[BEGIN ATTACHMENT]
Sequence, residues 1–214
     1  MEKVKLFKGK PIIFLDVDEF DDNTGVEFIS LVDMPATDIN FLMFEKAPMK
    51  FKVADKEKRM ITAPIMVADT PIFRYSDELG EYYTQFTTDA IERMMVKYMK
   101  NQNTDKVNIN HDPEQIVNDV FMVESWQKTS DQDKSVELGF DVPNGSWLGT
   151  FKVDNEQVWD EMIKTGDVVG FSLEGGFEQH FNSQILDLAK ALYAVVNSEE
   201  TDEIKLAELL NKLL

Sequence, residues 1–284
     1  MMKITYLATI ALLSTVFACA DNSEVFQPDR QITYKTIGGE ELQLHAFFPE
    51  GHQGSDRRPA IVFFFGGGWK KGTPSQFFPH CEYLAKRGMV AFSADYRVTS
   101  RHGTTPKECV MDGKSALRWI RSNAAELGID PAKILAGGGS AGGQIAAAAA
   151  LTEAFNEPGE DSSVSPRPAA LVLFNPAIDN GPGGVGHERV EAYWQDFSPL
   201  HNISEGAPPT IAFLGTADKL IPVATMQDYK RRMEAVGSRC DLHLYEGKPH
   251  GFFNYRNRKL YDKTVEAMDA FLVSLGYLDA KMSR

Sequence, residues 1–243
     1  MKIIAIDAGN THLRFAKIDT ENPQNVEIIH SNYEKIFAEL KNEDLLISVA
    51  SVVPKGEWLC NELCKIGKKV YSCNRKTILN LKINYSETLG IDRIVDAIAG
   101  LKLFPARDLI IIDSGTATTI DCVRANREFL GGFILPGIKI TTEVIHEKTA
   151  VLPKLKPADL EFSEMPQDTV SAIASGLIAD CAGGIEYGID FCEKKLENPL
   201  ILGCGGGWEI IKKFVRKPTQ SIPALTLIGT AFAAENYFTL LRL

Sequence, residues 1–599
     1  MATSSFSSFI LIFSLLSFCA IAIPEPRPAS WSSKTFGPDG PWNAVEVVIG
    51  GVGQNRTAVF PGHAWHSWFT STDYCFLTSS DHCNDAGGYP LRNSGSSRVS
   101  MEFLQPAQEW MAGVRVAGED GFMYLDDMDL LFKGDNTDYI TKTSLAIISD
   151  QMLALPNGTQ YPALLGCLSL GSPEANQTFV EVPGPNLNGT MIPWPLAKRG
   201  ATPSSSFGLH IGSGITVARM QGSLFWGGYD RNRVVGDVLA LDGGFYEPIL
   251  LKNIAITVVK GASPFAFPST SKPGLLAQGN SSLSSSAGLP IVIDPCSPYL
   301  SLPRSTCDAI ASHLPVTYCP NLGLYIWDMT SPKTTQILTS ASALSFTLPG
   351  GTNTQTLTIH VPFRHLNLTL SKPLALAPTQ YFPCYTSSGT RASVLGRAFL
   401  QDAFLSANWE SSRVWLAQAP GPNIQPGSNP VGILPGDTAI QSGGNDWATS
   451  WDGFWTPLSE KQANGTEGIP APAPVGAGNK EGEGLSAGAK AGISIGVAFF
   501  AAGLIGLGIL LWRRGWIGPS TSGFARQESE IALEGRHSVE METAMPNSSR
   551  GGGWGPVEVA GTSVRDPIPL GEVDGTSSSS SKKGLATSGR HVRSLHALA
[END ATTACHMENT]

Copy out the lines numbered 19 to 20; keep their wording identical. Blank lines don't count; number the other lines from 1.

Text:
   201  ILGCGGGWEI IKKFVRKPTQ SIPALTLIGT AFAAENYFTL LRL

Sequence, residues 1–599